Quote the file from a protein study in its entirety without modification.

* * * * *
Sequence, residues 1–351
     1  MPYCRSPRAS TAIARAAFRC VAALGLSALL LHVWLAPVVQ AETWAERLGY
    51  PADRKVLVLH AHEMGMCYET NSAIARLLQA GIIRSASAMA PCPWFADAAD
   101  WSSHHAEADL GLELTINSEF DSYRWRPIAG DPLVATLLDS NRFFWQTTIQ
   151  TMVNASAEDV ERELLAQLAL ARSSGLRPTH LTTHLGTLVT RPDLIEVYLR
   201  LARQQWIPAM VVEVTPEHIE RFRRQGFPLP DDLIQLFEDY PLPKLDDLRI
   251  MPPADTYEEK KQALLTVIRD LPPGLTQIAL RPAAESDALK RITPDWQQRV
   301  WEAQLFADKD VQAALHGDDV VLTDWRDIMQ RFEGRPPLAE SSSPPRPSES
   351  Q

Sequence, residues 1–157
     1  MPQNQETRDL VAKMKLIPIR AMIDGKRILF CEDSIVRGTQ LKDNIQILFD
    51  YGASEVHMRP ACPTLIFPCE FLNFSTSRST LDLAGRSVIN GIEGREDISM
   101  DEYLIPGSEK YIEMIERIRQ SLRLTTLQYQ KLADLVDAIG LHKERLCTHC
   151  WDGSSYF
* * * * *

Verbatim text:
Sequence, residues 1–351
     1  MPYCRSPRAS TAIARAAFRC VAALGLSALL LHVWLAPVVQ AETWAERLGY
    51  PADRKVLVLH AHEMGMCYET NSAIARLLQA GIIRSASAMA PCPWFADAAD
   101  WSSHHAEADL GLELTINSEF DSYRWRPIAG DPLVATLLDS NRFFWQTTIQ
   151  TMVNASAEDV ERELLAQLAL ARSSGLRPTH LTTHLGTLVT RPDLIEVYLR
   201  LARQQWIPAM VVEVTPEHIE RFRRQGFPLP DDLIQLFEDY PLPKLDDLRI
   251  MPPADTYEEK KQALLTVIRD LPPGLTQIAL RPAAESDALK RITPDWQQRV
   301  WEAQLFADKD VQAALHGDDV VLTDWRDIMQ RFEGRPPLAE SSSPPRPSES
   351  Q

Sequence, residues 1–157
     1  MPQNQETRDL VAKMKLIPIR AMIDGKRILF CEDSIVRGTQ LKDNIQILFD
    51  YGASEVHMRP ACPTLIFPCE FLNFSTSRST LDLAGRSVIN GIEGREDISM
   101  DEYLIPGSEK YIEMIERIRQ SLRLTTLQYQ KLADLVDAIG LHKERLCTHC
   151  WDGSSYF